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October Retail Sales Up an Unexpected 1.1% : Indicators: Factory production also surges--more evidence that the economy continues to beat expectations.

November 16, 1994|From Reuters

WASHINGTON — The economy continued to thrive in October as factories ran at their busiest rate in more than 14 years, and consumers spent freely in the shopping malls and auto dealerships, the government said Tuesday.

The data adds to growing evidence that the economy is again outpacing expectations.

The Commerce Department said sales at retail stores jumped an unexpected 1.1% last month, following a revised 0.5% rise in September, with total sales hitting a record $191.2 billion.

Excluding autos, sales rose 0.6%, following a 0.5% increase in September.

At the same time, the Federal Reserve Board reported that production by the nation's factories increased strongly in October, moving closer to their outer limits as both consumers and industry sought additional products.

Industrial output gained 0.7% last month after a 0.1% dip in September. Factory use rates climbed to 84.9%--the highest in about 14 years.

"I think the new information shows that the economy in the current quarter is probably stronger than some on Wall Street might have been expecting," Allan Leslie of Discount Corp. said.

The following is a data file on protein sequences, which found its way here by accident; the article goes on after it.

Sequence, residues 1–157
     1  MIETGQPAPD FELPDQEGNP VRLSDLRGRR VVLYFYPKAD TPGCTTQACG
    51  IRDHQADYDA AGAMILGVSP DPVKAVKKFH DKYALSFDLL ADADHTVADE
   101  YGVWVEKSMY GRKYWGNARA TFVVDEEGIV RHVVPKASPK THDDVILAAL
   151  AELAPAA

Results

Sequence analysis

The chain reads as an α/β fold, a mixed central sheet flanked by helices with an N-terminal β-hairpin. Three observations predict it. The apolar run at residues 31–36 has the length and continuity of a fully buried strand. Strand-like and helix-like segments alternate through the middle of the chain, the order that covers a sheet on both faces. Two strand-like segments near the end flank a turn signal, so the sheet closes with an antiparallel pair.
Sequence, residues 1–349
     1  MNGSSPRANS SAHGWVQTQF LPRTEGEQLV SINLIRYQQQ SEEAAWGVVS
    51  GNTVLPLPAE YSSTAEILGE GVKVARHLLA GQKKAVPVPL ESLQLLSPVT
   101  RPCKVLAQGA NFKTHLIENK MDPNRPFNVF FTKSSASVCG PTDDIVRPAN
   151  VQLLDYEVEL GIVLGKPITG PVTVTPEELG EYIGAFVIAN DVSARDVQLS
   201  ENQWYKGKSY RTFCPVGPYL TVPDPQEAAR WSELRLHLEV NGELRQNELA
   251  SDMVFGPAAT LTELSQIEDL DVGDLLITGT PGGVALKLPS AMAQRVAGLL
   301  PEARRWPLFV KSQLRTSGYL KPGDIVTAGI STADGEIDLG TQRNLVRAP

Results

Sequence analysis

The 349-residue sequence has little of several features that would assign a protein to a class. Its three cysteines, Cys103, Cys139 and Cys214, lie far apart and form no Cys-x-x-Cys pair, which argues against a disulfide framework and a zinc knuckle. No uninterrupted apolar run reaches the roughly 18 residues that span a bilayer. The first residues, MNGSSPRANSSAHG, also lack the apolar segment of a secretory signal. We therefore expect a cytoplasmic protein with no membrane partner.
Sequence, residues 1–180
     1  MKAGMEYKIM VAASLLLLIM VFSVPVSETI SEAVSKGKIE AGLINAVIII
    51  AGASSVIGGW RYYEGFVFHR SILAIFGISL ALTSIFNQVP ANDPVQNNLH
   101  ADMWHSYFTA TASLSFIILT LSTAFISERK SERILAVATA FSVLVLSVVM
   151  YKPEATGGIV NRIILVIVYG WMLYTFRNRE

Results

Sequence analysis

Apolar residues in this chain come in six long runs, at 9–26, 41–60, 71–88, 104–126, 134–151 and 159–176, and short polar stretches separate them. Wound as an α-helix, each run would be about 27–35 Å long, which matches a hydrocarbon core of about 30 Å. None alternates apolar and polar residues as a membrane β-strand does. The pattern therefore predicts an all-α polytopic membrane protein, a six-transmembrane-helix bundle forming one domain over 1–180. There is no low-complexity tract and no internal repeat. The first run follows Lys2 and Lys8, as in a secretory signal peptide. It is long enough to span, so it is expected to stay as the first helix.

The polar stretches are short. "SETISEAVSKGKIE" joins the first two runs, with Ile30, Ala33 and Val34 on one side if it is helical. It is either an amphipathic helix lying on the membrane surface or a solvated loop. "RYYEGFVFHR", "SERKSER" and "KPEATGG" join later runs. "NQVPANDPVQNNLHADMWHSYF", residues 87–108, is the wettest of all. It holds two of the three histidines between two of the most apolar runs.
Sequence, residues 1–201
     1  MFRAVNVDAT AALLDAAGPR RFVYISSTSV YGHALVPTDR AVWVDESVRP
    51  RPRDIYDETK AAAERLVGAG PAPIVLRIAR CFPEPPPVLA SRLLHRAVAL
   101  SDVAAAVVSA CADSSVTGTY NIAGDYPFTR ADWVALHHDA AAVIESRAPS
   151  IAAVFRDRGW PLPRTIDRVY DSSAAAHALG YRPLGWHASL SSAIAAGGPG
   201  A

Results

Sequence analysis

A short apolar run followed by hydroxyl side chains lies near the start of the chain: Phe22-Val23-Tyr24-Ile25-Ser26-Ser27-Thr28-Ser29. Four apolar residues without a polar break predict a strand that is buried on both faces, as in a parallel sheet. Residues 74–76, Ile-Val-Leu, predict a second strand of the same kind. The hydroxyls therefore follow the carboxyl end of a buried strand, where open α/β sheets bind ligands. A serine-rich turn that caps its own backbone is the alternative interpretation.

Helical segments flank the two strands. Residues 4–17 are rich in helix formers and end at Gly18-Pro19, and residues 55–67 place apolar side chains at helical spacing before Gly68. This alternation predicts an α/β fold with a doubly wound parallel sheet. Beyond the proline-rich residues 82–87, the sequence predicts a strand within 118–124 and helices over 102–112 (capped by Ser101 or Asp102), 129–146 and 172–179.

The economy grew 3.4% in the third quarter. It had been expected to slow during the current three months, in part because the Fed had put on the brakes to curb inflation. But evidence is mounting that this slowdown might be less than many had thought.

"Given jobs and given income, consumers continue to show a willingness to spend," said Robert Dederick of Northern Trust Co.

Both the Fed and the Clinton Administration believe that the long-term health of the economy would be enhanced if annual growth could be slowed to about 2.5%, the level at which inflation begins to stir.

However, there has been little evidence that even at stronger levels the economy has triggered dangerous inflationary pressures, though the Fed might have been successful in keeping the expansion from overheating.

The Fed, faced with new evidence of the economy's strength, increased interest rates for the sixth time this year Tuesday in an effort to slow growth enough to keep inflation at bay. It was the biggest increase since 1980.

After a closed-door meeting of its key policy-setting Federal Open Market Committee, the central bank issued a statement indicating it was pushing up two key rates.

The benchmark federal funds rate, which banks charge each other on overnight loans, was increased to 5.50% from 4.75%. The Fed announced it was also raising its discount rate, the interest it charges to make direct loans to banks, by 0.75 percentage point.

The economy has apparently shaken off the previous five Fed rate hikes, as auto sales and even housing have continued to show strength.

Wall Street economists had forecast a 0.6% increase in overall retail sales and a 0.4% gain with autos excluded.

New car dealers said business continued to thrive in October, rising 2.9% after moving up 0.6% in September.

New cars account for about a fifth of all retail spending, so swings in demand strongly affect overall monthly figures.

Retail Sales

Seasonally adjusted in billions of dollars. Oct.94: 191.2

Source: Commerce Department

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